Toronto is getting pop-up playgrounds all around the city and they're for adults only
After more than a year stuck in one type of lockdown or another, some people may feel anxious about getting back to socializing in crowds again.
A Toronto organization hopes to help with 50 pop-up playgrounds around the city just for adults.
Playgrounds are usually for kids but the pop-up playground from Reset, a Toronto-based organization that ran adult summer camps, is a chance for people to "un-adult" and benefit from the magical experience of play, says Adil Dhalla, Reset's director of community.
The playgrounds are the work of 84 artists, community organizers and volunteers who want to help people adjust to life out of isolation.
"The shared vision for all of us was how do we make strangers feel less strange again," Dhalla says.
The pop-up playgrounds are held in public spaces and parks with about 10 people. Each person is given a headphone (sanitized for each reuse) and they listen to instructions guiding them in play activities. Dhalla says it is like guided meditation but instead of going inward, people are interacting outward in play.
Isolation and moving away from strangers have become the norm in the pandemic.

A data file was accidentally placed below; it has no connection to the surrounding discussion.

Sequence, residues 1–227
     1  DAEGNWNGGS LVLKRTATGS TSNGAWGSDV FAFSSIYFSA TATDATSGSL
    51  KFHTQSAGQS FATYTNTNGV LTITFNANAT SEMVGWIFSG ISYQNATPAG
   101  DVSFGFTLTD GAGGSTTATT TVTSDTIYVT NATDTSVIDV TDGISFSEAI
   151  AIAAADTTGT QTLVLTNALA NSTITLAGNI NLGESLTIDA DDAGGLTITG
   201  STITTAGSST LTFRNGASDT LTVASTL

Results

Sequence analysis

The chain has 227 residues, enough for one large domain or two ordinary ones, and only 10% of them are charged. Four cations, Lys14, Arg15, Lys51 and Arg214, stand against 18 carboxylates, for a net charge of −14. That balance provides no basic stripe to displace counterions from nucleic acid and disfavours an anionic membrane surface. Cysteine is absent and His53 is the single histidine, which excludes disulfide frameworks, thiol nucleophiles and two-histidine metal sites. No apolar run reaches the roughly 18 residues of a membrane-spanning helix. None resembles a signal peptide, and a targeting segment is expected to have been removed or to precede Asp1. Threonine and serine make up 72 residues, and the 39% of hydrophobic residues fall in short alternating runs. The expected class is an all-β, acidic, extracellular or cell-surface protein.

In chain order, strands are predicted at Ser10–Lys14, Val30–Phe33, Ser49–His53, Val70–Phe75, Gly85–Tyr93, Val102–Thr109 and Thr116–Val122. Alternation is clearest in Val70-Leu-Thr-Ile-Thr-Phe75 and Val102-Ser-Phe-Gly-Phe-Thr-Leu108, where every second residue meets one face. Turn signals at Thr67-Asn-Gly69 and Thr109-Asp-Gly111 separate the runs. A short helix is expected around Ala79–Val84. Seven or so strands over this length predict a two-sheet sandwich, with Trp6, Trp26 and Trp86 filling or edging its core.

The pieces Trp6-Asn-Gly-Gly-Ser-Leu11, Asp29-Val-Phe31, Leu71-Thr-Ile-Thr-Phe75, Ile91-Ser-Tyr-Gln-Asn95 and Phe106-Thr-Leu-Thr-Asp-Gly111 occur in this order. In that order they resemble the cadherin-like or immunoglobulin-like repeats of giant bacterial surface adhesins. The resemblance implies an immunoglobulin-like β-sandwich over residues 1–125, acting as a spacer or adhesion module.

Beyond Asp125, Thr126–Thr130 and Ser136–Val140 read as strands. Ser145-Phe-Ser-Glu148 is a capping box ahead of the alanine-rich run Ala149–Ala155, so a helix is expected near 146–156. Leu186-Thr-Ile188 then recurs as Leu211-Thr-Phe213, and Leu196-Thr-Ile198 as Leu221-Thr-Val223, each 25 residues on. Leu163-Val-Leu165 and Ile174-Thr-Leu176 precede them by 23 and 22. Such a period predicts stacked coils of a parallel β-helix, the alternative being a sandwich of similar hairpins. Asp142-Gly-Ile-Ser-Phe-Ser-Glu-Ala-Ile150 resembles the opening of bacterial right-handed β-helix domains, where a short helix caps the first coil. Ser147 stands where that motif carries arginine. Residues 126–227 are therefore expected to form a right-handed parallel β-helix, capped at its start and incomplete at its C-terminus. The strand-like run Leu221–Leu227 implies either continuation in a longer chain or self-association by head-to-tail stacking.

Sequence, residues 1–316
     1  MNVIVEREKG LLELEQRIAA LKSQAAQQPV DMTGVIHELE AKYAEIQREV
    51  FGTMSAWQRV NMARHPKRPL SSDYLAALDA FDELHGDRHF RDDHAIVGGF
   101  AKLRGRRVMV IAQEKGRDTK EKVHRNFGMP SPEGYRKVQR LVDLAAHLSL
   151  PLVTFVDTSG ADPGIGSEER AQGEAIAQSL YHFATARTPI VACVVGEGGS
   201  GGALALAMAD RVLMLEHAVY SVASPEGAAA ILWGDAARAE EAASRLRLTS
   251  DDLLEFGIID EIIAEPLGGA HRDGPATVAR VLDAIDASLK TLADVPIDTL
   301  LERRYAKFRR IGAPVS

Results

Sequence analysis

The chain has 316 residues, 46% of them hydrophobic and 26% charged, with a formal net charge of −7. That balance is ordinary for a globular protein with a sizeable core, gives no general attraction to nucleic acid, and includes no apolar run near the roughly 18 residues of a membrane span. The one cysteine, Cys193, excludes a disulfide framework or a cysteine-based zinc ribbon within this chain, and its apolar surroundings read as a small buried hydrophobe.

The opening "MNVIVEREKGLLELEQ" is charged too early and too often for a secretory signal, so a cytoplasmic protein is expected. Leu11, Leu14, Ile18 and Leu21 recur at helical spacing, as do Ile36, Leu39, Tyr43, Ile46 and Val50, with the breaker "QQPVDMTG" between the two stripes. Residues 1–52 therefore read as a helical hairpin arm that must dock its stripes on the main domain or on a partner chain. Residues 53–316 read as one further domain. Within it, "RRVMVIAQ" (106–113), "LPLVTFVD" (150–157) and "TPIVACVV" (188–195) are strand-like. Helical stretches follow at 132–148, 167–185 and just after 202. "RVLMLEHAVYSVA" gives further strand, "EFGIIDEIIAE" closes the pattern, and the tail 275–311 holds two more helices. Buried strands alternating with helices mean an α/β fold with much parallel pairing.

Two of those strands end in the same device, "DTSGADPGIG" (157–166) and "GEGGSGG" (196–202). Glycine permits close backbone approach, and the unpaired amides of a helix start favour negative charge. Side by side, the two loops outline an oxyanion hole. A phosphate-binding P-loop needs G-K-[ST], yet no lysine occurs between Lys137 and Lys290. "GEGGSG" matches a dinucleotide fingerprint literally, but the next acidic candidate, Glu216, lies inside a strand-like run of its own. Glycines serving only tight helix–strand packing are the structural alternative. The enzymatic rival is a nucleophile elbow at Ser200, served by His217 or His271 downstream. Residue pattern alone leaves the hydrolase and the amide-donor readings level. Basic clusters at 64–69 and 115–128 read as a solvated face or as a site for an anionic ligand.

"We barely look at strangers in the eyes now but if we can get silly with one another then we might be able to break through," he says.
The instructions are given through the headphones rather than a cell phone to get away from too much technology. For those with hearing loss, the headphones work with most hearing aids. They are working on making the experience accessible for those who are deaf.
There have been 15 pop-ups already and Dhalla says people tend to stop and watch the groups play.
"There is just as many people who stop to watch, and by virtue of participating, you essentially become the art."
Reset's adult summer camps were held outside of the city but the non-profit wants to focus on working in the city, Dhalla says. There are plans to open a physical space in Toronto this fall, he says.
"We made a decision to shift our work to be in the city because we feel like what we do is so centred around joy and connection and there is such a need for that in our urban spaces now."
Tickets for the pop-up playgrounds are on a sliding scale from $25, and it is free for people identifying as Indigenous or Black.
Any profits from the events this summer will go to the Indian Residential School Survivors Society.
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